The structural and dynamic aspects of proteins have been at center stage of our understanding of the basis of their function. Nuclear magnetic resonance in solution has contributed significantly to this advancement and the information inherent in the NMR phenomena offers much more. Yet, despite tremendous advances in technology, experimental design and analytical strategies, solution NMR spectroscopy remains fundamentally restricted due to its extraordinary insensitivity. The inability to investigate protens and other biopolymers at well below sub-millimolar concentrations and using sub-micromole amounts presents severe limitations on future applications. Nevertheless, solution NMR offers, in principle, access to information that is very difficult to obtain by other means. Examples include access to dynamics over an enormous range of time scales, to details of ligand binding, to structures in unusual contexts and so on. Thus, it seems important to improve the sensitivity of the solution NMR experiment in order to reduce experiment time, lower the absolute quantities of sample required and open a lower concentration regime where proteins of limited solubility can be accessed. With this in mind there has been a revival of an """"""""old"""""""" phenomenon - dynamic nuclear polarization (DNP). The idea is to use the enormously greater polarization of a radical electron in a magnetic field to polarize nuclei such as hydrogen to a much greater degree than the Boltzmann distribution dictated by the properties of the nuclei themselves. The physics underlying this process can be quite complicated, particularly in the solid state where several mechanisms for polarization are operative. In solution, it is generally thought that such DNP transfer will occur primarily through the Overhauser effect. One can imagine that increases in sensitivity of several hundred folds are accessible. For solution NMR, the basic strategy is to saturate the electronic transition of a stable free radical and transfer this non-equilibrium polarization to the hydrogen spins of water, which will in turn transfer this polarization to the hydrogens of the dissolved macromolecule. Unfortunately, technical aspects of this approach seem to prove fatal to the idea in its current form. The primary reason is that the frequency of the electron transition of suitable radicals lies in the subTHz spectrum where water absorbs strongly. Thus, irradiation results in catastrophic heating of the sample and its destruction. Here we will take advantage of the physical properties of solutions of encapsulated proteins dissolved in low viscosity solvents of suitable dielectric character. Such samples are largely transparent to the subTHz frequencies required and thereby avoid significant heating during saturation of the electronic transition. A variety of proteins ranging from small to large soluble proteins;acidic t basic proteins;integral and anchored membrane proteins;proteins of marginal stability and nucleic acids can be encapsulated with high structural fidelity. Thus the merging of the reverse micelle technology with DNP will provide a significant increase in the sensitivity of the solution NMR spectroscopy of proteins and nucleic acids.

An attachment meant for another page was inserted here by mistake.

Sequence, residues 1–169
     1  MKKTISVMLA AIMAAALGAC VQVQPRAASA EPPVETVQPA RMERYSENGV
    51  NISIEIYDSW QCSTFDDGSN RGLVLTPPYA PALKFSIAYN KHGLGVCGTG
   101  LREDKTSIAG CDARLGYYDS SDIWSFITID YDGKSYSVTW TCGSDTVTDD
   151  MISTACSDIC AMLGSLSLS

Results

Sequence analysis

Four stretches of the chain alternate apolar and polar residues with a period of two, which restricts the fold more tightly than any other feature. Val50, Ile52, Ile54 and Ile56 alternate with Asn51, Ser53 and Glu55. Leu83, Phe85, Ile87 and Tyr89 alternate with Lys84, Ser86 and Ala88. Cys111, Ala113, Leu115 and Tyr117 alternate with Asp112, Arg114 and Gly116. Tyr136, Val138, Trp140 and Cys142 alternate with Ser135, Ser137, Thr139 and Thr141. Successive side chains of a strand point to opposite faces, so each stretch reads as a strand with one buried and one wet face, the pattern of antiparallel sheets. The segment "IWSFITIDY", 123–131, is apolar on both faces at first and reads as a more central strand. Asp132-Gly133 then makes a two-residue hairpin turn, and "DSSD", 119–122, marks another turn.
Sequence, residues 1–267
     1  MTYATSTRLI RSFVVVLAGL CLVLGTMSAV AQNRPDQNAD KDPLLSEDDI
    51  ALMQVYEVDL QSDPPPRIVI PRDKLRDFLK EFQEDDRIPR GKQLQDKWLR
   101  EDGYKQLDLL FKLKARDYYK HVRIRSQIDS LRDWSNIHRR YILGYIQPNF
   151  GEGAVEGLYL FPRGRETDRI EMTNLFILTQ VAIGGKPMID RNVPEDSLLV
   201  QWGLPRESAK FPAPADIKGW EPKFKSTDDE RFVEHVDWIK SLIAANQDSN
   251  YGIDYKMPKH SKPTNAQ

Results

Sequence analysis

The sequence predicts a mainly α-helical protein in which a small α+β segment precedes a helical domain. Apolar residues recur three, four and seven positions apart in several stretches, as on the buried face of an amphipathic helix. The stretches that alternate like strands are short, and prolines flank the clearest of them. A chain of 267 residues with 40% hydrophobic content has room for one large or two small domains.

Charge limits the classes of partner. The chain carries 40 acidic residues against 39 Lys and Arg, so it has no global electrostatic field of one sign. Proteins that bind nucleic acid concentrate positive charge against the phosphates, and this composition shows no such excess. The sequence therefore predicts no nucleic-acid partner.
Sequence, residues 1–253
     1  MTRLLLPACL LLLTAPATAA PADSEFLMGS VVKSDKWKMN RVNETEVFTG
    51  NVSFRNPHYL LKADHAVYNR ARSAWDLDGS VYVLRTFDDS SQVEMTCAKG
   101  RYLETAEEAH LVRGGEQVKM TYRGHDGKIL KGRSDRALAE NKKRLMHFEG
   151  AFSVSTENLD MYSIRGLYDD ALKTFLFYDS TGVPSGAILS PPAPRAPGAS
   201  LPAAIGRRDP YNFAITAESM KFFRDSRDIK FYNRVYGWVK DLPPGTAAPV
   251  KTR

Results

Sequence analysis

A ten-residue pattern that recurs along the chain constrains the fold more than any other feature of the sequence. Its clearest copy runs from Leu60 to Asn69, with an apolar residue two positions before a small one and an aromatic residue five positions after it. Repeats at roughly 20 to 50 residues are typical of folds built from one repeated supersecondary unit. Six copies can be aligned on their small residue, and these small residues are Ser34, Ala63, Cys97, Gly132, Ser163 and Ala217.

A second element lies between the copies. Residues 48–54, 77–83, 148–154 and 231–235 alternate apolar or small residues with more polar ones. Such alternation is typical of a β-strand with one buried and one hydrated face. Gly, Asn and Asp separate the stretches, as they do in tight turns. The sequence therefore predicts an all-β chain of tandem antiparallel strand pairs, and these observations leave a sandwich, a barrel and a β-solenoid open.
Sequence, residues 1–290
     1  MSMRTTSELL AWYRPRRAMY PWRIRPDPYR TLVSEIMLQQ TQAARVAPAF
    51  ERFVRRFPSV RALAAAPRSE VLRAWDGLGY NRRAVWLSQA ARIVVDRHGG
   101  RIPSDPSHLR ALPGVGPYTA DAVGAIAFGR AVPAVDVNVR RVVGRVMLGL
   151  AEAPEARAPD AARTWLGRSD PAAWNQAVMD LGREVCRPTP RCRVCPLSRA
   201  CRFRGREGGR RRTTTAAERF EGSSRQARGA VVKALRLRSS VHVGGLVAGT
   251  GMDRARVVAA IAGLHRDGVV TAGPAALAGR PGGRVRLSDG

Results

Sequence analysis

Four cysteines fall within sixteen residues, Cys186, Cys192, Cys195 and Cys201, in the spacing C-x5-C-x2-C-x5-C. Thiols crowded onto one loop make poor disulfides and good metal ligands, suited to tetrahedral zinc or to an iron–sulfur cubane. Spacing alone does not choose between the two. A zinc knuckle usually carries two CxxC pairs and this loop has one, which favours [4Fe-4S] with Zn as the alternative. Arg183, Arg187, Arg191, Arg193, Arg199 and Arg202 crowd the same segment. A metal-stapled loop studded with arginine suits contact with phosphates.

Knowledge of the structure of proteins and nucleic acids at the atomic-scale is central to our understanding of their biological function. Such information is usually derived from crystallography and nuclear magnetic resonance (NMR). Unfortunately, NMR is inherently limited by its poor sensitivity. This project seeks to dramatically increase the sensitivity of solution NMR spectroscopy by enabling the use of dynamic nuclear polarization.
|Valentine, Kathleen G; Mathies, Guinevere; BÃ©dard, Sabrina et al. (2014) Reverse micelles as a platform for dynamic nuclear polarization in solution NMR of proteins. J Am Chem Soc 136:2800-7|
|Nucci, Nathaniel V; Valentine, Kathleen G; Wand, A Joshua (2014) High-resolution NMR spectroscopy of encapsulated proteins dissolved in low-viscosity fluids. J Magn Reson 241:137-47|